Despite having resisted the siren call of Hollywood, Annie Atkins has made quite a name for herself in the hermetically sealed world of cinema. As a graphics and prop designer, most notably for Wes Anderson in The Grand Budapest Hotel and Isle of Dogs (she also worked on the coming The French Dispatch), Dublin-born Atkins has elevated an oft-neglected craft into the realm of art.
Interviews with crucial film-world figures
January 29 The Metrograph Interview: Paul Schrader
"I’ve only got five or six years left. I don’t want to spend that five or six years making compromises. Maybe I’ll make a handful of little edgy films, and I’ll make them for next to nothing. That seems to me much better than doing some high-price piece of junk."
January 15 The Metrograph Interview: Hal Hartley
"Sometimes when someone, particularly a young person, who's working hard and has certain talent, is simply trying to tell the truth, something happens. It's what journalists generally would call a distinctive voice."
December 23 The Metrograph Interview: Josh and Benny Safdie
"We felt foolish if we ever tried to impose plot from on high. It's like how I felt listening to produced music felt foolish. I only wanted to listen to music that had a tape hiss because I felt that at some level that that meant that it was more honest."
December 5 The Metrograph Interview: Peter Strickland
"I always want my films to have a connection to real life. I never wanted to snap that cord. I want to stretch it as far as possible."
November 22 The Metrograph Interview: Atlantics' Mati Diop
"I needed to find a new architecture, so all the living elements could talk to each other, and the rhythm was so extremely delicate to find. I ask myself: How do you shift from reality to another dimension?"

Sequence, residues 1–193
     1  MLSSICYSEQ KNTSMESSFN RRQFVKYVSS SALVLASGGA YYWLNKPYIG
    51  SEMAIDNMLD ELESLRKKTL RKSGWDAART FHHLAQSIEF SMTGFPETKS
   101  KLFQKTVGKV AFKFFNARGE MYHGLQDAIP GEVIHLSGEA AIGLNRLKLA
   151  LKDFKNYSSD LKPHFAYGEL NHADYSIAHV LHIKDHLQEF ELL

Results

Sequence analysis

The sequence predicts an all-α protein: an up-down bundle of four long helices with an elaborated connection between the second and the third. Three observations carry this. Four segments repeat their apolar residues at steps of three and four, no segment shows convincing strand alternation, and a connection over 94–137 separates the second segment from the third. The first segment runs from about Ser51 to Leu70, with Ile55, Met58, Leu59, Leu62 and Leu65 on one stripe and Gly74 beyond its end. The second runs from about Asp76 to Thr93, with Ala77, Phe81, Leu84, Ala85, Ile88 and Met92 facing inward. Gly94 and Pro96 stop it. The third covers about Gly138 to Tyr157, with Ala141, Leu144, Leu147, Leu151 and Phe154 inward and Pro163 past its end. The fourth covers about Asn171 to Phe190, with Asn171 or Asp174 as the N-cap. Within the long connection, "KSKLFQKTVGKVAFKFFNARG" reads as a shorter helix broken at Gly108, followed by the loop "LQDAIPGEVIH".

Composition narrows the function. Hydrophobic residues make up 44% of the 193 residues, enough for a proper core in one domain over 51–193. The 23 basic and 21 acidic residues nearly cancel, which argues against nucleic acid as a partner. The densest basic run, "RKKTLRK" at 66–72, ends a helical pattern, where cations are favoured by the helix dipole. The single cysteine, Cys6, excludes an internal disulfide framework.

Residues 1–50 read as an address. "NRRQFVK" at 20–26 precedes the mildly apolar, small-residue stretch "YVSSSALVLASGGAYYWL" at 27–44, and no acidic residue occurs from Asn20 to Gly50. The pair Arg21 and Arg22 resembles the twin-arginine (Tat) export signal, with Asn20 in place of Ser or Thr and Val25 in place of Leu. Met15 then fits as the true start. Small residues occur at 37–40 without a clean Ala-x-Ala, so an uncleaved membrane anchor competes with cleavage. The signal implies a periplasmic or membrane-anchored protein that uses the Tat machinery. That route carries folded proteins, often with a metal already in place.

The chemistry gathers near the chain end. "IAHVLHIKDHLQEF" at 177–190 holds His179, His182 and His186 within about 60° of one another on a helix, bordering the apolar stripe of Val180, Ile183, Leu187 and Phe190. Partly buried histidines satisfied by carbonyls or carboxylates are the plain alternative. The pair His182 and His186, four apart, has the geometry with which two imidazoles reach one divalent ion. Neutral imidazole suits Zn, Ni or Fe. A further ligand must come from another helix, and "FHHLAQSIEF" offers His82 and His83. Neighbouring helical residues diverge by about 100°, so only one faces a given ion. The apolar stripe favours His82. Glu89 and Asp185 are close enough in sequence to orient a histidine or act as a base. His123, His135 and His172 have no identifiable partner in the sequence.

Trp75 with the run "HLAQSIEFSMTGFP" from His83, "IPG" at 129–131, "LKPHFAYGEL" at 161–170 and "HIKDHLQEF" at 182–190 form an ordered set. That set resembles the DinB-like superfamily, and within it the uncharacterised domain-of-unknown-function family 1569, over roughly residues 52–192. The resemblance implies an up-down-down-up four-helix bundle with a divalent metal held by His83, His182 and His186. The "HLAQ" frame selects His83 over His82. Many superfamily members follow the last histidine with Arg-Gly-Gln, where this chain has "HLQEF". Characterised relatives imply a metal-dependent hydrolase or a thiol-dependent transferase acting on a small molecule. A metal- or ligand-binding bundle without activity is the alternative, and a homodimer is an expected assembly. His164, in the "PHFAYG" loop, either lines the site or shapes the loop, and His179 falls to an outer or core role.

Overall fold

November 19 Lions and Cannibals: An Interview with Susan Sontag and Agnès Varda
In 1969, during the 7th Annual New York Film Festival, two film directors with movies in the Official Selection entered a New York public TV studio to discuss their work.
November 15 The Metrograph Interview: Todd Haynes
"Maybe what people connect, in all my work, is that there's an emotional component that cracks through—even though the most austere intellectual experiments in narrative form. I think people found themselves surprised by their emotional connection to them, given the sort of ways I might obstruct easy access to character."
October 23 The Metrograph Oral History: Downtown 81
We brought together some of the film’s surviving talent to figure out, for the first time, how the project fell apart and came back together, and why it stands the test of time.
October 10 Roundtable: Blake Edwards
Movies by Blake Edwards command the attention of a devoted following, and we asked three of our favorite critics to discuss Metrograph’s upcoming retrospective, which was programmed by Julie Andrews herself.